Thought also needs to be given as to how to retain control of the FIC without inadvertently retaining an asset with a significant value for IHT even if the shares retained by the founders do not have any capital or income rights attached to them. HMRC is likely to apply 20% to 25% of the value of the FIC to the voting shares. There are ways to mitigate this with proper planning.

Every FIC is bespoke. Therefore, all family members involved need to be engaged in the planning process, i.e. so that they understand the structure and approve the corporate governance documents.


Mediation can be used as a family estate planning process. This is the subject of the second part of an article I am writing for Taxation (Tolley), which will be published in March 2022, ‘Back to the Future’. See also: Zoom Mediation & Estate Planning – Carl Islam

Planning and implementation requires the involvement of: corporate; estate planning; and tax advisors, appointed and paid for by the Head of the Family (i.e. the Patriarch). Their function is to design and develop the structure and bespoke terms of:

(i)   the Articles of Association of the FIC;

(ii)  the Memorandum of Association of the FIC; and

(iii) a comprehensive Shareholders’ Agreement.

Throughout the mediated planning process, corporate lawyers should work hand in glove with a TEP and CTA, to ensure that the drafting of the FIC: Articles; Memorandum of Association; and Shareholders’ Agreement, accords with and fulfils the family’s ‘charter’ of planning objectives, e.g. the preservation of capital wealth for the benefit of future generations, i.e. by including transfer restrictions to prevent shares from being passed outside the bloodline, and requiring that adult shareholders enter into nuptial agreements for asset protection.

A Mediator who is also a TEP and has knowledge and experience of drafting corporate governance documents adds value, by facilitating communication between family members and professional advisors, so that planning is the consensual result of joined-up thinking, otherwise opportunities for wealth planning may be lost between the cracks.

FIC Incorporation & Documents Check List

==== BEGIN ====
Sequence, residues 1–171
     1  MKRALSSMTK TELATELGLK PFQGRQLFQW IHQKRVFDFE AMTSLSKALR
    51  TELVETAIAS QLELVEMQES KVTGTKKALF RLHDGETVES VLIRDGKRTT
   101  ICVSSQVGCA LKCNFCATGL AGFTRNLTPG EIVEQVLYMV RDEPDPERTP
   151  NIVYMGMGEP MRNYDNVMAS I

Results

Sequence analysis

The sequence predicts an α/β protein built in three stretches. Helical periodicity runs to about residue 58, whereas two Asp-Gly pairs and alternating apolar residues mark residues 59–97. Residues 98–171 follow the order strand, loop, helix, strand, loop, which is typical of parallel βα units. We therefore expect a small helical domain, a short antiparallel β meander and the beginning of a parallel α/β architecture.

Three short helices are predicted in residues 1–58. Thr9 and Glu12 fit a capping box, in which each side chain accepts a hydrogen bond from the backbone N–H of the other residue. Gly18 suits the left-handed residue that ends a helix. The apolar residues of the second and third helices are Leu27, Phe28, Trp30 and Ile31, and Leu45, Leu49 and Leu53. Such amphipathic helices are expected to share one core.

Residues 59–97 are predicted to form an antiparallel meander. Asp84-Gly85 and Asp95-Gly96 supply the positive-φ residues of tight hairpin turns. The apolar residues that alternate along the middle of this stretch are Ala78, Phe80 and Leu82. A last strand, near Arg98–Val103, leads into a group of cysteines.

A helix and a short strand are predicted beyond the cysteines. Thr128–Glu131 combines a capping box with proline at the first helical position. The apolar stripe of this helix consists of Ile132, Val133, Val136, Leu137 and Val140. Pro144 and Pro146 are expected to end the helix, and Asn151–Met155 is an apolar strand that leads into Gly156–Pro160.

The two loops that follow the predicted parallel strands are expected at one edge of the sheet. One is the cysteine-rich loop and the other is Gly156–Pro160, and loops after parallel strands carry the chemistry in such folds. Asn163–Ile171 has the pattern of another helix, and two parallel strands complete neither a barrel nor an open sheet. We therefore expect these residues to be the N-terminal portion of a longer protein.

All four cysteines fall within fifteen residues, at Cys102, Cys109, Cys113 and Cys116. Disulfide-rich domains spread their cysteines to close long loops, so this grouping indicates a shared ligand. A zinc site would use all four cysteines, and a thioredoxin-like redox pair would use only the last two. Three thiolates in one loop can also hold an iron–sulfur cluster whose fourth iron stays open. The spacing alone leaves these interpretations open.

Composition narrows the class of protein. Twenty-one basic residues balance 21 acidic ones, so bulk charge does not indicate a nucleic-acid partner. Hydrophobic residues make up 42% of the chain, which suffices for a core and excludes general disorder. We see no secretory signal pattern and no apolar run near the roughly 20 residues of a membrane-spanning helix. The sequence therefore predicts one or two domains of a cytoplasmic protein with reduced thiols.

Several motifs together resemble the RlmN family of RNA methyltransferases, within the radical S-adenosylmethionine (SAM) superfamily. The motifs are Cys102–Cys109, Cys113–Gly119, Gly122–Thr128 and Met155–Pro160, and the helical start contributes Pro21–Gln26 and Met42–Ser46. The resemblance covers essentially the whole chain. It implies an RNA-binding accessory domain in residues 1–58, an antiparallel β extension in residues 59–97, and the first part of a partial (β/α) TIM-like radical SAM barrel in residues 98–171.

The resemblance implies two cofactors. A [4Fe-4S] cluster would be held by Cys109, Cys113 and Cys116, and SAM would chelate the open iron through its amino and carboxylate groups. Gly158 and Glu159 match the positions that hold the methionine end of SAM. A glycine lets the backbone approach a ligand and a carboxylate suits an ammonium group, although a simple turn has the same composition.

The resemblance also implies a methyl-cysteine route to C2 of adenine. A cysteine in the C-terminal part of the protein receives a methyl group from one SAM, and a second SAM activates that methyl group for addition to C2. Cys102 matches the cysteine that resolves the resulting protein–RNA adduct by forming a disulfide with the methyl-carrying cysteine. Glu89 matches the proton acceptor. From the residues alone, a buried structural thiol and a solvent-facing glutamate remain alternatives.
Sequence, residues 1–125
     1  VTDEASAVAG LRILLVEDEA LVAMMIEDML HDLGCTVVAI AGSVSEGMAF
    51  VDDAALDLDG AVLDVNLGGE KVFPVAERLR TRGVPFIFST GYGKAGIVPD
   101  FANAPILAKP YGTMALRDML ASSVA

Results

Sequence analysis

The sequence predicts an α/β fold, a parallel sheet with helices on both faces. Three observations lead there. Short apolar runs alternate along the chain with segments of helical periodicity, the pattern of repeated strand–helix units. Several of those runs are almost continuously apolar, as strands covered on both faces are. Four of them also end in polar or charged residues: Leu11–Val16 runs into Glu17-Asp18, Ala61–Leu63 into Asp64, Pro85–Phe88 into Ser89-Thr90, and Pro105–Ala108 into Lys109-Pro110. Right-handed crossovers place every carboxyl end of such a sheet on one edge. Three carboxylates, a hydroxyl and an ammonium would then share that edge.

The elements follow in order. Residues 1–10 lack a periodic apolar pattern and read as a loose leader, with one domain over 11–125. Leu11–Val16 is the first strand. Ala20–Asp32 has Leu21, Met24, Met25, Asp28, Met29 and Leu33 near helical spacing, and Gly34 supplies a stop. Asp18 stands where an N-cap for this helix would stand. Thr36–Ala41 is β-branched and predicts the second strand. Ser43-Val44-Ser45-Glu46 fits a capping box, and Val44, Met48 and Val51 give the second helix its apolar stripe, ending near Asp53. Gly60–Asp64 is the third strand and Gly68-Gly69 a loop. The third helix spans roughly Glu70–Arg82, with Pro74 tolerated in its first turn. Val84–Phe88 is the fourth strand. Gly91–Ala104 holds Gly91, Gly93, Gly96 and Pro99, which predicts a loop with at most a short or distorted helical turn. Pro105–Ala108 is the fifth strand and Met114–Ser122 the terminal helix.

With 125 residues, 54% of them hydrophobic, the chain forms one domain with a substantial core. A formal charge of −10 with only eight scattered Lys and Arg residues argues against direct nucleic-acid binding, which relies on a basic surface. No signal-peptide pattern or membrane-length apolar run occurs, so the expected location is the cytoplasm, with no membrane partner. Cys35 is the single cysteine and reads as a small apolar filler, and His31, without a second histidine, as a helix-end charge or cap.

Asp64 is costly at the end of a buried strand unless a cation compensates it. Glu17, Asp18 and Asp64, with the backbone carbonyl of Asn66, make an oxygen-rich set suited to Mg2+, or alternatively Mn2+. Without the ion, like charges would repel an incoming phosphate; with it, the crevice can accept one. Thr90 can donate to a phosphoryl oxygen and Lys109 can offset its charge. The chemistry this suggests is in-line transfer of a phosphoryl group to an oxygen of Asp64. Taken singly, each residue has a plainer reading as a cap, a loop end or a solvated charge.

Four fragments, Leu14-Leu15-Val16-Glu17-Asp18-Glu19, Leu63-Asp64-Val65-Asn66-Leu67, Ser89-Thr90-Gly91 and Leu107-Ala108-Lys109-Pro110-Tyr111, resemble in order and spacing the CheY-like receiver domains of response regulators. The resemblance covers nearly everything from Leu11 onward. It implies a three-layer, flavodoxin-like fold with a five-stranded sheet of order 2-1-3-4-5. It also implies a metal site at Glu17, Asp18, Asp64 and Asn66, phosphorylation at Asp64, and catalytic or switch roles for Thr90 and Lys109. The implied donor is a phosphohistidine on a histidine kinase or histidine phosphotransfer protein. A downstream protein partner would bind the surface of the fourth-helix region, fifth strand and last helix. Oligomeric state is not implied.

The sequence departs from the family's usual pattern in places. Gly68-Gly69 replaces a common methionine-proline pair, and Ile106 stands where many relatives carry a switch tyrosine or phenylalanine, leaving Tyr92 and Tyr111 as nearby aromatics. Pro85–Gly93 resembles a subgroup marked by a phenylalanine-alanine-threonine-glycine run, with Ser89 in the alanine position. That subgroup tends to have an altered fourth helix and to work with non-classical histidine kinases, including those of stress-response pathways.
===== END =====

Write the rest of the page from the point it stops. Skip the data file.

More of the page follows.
1. Structure.
  2. Residence and fiscal jurisdiction.
  3. Memorandum of Association.
  4. Articles.
  5. Directors.
  6. Share capital.
  7. Share transfers.
  8. Shareholders Agreement.
  9. Governance.
  10. Dividends.
  11. Funding.
  12. Accounts, filing, and regulatory compliance.

Memorandum of Association



  1. Definitions (including types of shares, i.e., ordinary, non-voting, preference, and redeemable).
  2. Share Capital.
  3. Issue of shares.
  4. Return of capital rights.
  5. Voting rights.
  6. Dividends.
  7. Redemption of redeemable preference shares.
  8. Variation of class rights.
  9. Refusal to register transfers.
  10. Permitted transfer of shares.
  11. Transfer pre-emption provisions.
  12. Compulsory transfers.
  13. General Meetings.
  14. Proceedings at General Meetings.
  15. Votes of Members.
  16. Number of Directors.
  17. Alternative Directors.
  18. Powers of Directors.
  19. Appointment and retirement of Directors.
  20. Remuneration of Directors.
  21. Proceedings of Directors.
  22. Borrowing powers.
  23. Notices.
  24. Indemnity.
  25. Winding up.
  26. Subsidiary undertakings.
  27. Mediation & Arbitration.

Shareholders Agreement

  1. Definitions and interpretation.
  2. Undertakings.
  3. Directors and secretary.
  4. Termination for breach.
  5. Termination on notice.
  6. Dividend and distribution policy.
  7. Notices.
  8. General.
  9. Governing law and jurisdiction.

Schedule – Reserved Matters.

For a discussion of the use of ‘ethical’ private companies in Islamic wealth planning, see my blog; Islamic law principles applicable to the administration of trusts | Carl’s Wealth Planning Blog